View details for DOI 10.1007/s11695-008-9600-1

    View details for Web of Science ID 000258456400003

    View details for PubMedID 18574642

  • Use of flexible endoscopic scissors to cut obstructing suture material in gastric bypass patients OBESITY SURGERY Patel, C., Van Dam, J., Curet, M., Morton, J. M., Banerjee, S. 2008; 18 (3): 336-339

    Abstract

    With the epidemic increase in obesity in the USA and consequent increased demand for bariatric surgery, new complications of the surgery are being described. The most common surgery practiced is the Roux-en-Y gastric bypass (RYGBP). Unraveling of suture material at the gastrojejunal anastomosis may occur, which may be troublesome if nonabsorbable suture is employed. We describe, for the first time, two patients who developed obstructive symptoms as a consequence of food matter/bezoars entrapped within a mesh of unraveled nonabsorbable suture material at their anastomoses. One of these patients also developed ulceration, presumably as a result of pressure necrosis from the entrapped bezoar. We describe a third patient where the placement of nonabsorbable sutures led to obstructive symptoms by limiting distensibility at an otherwise satisfactory anastomosis. We also describe for the first time, the use of a new endoscopic scissors in cutting luminal suture material with subsequent resolution of the clinical problem.

    View details for DOI 10.1007/s11695-007-9283-z

    View details for Web of Science ID 000253627700017

    View details for PubMedID 18197458

  • Preoperative Endoscopic Screening for Laparoscopic Roux-en-Y Gastric Bypass has a Low Yield for Anatomic Findings Obesity Surgery. Mong C, Van Dam J, Gerson L, Morton JM, Curet MJ, Banerjee S. 2008; 18: 1067-73
  • Antibiotic prophylaxis for gastrointestinal endoscopy. Gastrointestinal Endoscopy Banerjee S, Shen B, Nelson DB et al. 2008; 67: 791-798
  • Infection control during gastrointestinal endoscopy. Gastrointestinal Endoscopy Banerjee S, Shen B, Nelson DB et al. 2008; 67: 781-790
  • Endoscopic mucosal resection of a solitary gastric plasmacytoma DIGESTIVE ENDOSCOPY Roost, J., Mai, H., Banerjee, S., Longacre, T., Van Dam, J. 2007; 19 (3): 139-141
  • Reprocessing Failure. Gastrointestinal Endoscopy Banerjee S, Nelson DB, Dominitz JA et al. 2007; 66: 869-871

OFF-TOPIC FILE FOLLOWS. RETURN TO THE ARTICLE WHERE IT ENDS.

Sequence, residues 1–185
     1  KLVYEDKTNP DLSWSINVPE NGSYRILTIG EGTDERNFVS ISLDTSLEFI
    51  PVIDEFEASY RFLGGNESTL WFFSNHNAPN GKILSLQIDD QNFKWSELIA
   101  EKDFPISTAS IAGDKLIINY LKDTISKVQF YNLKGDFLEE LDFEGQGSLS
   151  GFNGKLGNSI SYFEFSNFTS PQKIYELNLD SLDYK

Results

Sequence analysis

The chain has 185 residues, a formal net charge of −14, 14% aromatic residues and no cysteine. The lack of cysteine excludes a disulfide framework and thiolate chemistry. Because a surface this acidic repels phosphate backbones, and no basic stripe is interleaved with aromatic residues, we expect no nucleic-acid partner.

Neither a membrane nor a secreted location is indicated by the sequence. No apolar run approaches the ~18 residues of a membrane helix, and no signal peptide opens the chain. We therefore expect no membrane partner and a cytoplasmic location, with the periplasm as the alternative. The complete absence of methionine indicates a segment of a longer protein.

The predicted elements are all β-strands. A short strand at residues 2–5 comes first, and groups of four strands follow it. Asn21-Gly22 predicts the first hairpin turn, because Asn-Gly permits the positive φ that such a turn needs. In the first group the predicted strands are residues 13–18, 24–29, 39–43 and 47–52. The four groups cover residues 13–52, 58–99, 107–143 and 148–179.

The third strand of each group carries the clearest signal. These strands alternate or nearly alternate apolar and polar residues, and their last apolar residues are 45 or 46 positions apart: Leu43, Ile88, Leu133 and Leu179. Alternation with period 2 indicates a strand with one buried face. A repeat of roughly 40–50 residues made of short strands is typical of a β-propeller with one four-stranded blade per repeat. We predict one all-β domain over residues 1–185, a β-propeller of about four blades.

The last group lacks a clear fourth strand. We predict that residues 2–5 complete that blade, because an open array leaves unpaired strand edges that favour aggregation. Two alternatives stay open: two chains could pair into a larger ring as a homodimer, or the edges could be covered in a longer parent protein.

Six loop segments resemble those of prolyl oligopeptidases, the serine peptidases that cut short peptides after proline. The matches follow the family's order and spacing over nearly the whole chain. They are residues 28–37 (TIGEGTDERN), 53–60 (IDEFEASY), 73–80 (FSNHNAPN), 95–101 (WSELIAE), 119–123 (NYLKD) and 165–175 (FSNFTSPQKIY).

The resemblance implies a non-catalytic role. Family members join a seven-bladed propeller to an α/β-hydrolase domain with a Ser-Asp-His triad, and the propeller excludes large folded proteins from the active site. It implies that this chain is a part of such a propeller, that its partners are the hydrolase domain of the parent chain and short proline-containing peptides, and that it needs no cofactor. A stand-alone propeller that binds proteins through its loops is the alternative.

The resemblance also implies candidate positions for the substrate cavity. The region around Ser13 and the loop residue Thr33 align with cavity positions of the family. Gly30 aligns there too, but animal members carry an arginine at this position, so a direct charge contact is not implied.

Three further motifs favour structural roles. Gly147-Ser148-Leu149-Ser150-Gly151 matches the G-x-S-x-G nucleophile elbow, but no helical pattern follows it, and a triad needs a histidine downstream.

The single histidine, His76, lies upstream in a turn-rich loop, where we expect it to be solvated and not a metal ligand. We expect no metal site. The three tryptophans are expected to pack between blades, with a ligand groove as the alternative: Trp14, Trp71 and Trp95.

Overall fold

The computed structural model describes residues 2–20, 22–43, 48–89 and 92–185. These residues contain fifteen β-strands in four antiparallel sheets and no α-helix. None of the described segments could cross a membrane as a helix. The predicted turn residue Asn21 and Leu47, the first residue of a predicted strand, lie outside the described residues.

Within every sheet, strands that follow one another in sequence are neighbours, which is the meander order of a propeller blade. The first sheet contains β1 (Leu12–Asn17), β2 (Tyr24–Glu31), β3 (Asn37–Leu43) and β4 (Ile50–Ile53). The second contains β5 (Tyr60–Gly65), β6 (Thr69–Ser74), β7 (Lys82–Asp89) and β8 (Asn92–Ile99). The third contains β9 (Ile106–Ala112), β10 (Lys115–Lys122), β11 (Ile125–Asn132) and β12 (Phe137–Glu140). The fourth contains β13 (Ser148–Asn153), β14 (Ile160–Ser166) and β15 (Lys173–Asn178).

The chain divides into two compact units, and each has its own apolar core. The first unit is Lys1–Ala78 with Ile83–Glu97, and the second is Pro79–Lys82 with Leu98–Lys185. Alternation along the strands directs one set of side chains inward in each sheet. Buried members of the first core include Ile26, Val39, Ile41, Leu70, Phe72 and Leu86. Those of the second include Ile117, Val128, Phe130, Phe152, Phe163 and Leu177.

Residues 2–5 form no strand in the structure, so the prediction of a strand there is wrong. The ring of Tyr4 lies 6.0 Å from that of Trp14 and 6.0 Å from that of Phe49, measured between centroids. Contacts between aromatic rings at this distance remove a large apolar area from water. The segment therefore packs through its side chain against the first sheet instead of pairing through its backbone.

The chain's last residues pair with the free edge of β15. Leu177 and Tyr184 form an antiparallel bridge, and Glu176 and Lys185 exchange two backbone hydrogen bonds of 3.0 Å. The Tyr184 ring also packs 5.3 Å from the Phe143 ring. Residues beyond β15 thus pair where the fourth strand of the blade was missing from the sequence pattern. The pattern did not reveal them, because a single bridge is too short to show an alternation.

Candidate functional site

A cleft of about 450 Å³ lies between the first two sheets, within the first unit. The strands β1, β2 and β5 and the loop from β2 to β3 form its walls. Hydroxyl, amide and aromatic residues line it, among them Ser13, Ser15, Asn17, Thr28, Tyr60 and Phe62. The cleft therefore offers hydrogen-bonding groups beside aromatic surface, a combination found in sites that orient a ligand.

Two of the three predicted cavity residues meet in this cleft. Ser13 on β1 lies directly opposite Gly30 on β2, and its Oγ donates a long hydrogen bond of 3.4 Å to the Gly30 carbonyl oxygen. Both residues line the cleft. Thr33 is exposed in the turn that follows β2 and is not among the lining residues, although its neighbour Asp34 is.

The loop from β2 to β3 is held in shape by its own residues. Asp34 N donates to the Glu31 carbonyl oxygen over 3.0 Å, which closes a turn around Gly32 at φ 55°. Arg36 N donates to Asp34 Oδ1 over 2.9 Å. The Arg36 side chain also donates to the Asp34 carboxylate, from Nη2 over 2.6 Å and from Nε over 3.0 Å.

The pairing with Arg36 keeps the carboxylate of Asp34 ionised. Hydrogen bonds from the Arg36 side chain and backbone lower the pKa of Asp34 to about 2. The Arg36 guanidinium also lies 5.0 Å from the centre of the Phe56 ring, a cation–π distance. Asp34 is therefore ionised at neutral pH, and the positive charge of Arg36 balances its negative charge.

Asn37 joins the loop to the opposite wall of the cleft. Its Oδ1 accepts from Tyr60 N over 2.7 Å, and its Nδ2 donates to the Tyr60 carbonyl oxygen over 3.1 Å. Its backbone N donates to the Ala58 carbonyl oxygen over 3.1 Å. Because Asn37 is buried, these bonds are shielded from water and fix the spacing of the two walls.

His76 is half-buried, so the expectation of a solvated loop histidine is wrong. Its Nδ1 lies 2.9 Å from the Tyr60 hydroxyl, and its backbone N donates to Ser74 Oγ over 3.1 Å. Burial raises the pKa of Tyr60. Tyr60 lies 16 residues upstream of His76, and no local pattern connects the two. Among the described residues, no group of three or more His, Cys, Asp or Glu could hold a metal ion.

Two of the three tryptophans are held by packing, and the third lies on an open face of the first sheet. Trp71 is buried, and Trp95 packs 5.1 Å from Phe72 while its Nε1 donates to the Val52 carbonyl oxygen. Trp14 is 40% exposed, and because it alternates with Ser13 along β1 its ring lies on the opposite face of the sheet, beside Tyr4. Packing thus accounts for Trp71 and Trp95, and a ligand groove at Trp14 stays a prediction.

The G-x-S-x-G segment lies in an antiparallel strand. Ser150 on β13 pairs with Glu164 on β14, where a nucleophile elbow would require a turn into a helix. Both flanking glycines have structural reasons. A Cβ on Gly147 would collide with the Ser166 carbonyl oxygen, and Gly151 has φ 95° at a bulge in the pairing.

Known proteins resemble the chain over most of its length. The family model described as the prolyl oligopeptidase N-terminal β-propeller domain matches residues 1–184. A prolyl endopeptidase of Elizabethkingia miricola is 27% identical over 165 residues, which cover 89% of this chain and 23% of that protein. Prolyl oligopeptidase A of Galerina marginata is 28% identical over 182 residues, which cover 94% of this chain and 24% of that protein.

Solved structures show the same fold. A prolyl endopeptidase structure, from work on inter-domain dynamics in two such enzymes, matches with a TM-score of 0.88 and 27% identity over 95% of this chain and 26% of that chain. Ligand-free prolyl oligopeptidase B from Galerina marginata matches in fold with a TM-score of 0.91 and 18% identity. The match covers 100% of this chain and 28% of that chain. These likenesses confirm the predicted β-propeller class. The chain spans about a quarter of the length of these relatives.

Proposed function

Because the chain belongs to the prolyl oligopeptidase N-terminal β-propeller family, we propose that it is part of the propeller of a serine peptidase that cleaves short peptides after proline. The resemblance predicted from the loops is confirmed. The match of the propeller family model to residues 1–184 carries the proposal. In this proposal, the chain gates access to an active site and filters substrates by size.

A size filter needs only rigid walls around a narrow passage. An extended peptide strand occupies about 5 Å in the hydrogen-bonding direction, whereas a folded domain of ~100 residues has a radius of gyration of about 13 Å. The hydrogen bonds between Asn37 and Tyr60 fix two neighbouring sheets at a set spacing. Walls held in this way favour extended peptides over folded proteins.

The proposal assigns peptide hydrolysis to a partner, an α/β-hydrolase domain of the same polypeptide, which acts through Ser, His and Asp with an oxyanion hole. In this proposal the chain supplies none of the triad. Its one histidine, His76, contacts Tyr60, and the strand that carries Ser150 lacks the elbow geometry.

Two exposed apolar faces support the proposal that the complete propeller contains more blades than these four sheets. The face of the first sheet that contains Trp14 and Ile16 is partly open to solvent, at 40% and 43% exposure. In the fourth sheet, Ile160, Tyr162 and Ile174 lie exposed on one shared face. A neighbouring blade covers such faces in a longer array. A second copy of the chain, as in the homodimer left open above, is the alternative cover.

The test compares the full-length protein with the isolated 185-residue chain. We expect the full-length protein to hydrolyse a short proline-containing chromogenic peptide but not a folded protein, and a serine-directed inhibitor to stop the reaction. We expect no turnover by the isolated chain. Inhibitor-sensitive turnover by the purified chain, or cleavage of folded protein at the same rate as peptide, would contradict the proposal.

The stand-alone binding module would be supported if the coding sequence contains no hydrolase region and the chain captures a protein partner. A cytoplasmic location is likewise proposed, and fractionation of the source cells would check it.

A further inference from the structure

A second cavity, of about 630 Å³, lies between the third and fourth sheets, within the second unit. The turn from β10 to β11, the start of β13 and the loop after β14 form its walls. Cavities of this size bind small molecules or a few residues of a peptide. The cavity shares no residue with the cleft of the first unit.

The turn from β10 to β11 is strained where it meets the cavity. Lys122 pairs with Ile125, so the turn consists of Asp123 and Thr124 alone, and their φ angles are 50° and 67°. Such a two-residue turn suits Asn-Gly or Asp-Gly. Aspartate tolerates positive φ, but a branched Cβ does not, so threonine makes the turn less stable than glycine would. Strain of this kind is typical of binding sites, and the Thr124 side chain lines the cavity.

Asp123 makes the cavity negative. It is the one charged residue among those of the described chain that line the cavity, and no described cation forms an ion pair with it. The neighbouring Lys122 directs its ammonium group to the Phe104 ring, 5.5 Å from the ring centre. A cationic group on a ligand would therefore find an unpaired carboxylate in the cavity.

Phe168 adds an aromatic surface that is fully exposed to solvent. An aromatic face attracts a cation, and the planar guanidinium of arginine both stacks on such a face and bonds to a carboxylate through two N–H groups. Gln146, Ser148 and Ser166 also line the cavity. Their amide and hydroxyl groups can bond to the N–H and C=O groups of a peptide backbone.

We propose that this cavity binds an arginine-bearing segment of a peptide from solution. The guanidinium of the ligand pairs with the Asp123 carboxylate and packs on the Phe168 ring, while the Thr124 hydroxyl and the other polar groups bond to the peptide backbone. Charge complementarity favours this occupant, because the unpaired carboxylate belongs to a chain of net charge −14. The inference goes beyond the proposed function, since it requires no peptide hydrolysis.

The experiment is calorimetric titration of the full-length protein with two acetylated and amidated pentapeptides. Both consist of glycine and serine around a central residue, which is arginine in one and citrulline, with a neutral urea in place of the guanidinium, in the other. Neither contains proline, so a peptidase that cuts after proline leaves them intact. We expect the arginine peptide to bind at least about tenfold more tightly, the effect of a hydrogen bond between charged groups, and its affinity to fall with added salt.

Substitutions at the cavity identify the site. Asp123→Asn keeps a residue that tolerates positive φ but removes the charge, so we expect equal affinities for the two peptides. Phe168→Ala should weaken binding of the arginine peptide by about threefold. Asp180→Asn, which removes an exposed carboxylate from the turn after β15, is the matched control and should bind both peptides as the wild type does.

• CT colonography for colon cancer screening GASTROINTESTINAL ENDOSCOPY Banerjee, S., Van Dam, J. 2006; 63 (1): 121-133

    View details for DOI 10.1016/j.gie.2005.07.021

    View details for Web of Science ID 000234415000024

    View details for PubMedID 16377329

  • CT colonography for colon cancer screening Gastrointestinal Endoscopy Banerjee S, Van Dam J 2006; 63: 121-133
  • Analysis of cystic fibrosis gener product (CFTR) function in patients with pancreas divisum and recurrent acute pancreatitis AMERICAN JOURNAL OF GASTROENTEROLOGY Gelrud, A., SHETH, S., Banerjee, S., Weed, D., Shea, J., Chuttani, R., Howell, D. A., Telford, J. J., Carr-Locke, D. L., Regan, M. M., Ellis, L., Durie, P. R., Freedman, S. D. 2004; 99 (8): 1557-1562

    Abstract

    The mechanism by which pancreas divisum may lead to recurrent episodes of acute pancreatitis in a subset of individuals is unknown. Abnormalities of the cystic fibrosis gene product (CFTR) have been implicated in the genesis of idiopathic chronic pancreatitis. The aim of this study was to determine if CFTR function is abnormal in patients with pancreas divisum and recurrent acute pancreatitis (PD/RAP).A total of 69 healthy control subjects, 12 patients with PD/RAP, 16 obligate heterozygotes with a single CFTR mutation, and 95 patients with cystic fibrosis were enrolled. CFTR function was analyzed by nasal transepithelial potential difference testing in vivo. The outcomes of the PD/RAP patients following endoscopic and surgical treatments were concomitantly analyzed.Direct measurement of CFTR function in nasal epithelium in response to isoproterenol demonstrated that the values for PD/RAP were intermediate between those observed for healthy controls and cystic fibrosis patients. The median value was 13 mV for PD/RAP subjects, which was statistically different from healthy controls (22 mV, p= 0.001) and cystic fibrosis pancreatic sufficient (-1 mV, p < 0.0001) and pancreatic insufficient (-3 mV, p < 0.0001) patients.These results suggest a link between CFTR dysfunction and recurrent acute pancreatitis in patients with pancreas divisum and may explain why a subset of patients with pancreas divisum develops recurrent acute pancreatitis.

    View details for DOI 10.1111/j.1572-0241.2004.30834.x

    View details for Web of Science ID 000223355200030

    View details for PubMedID 15307877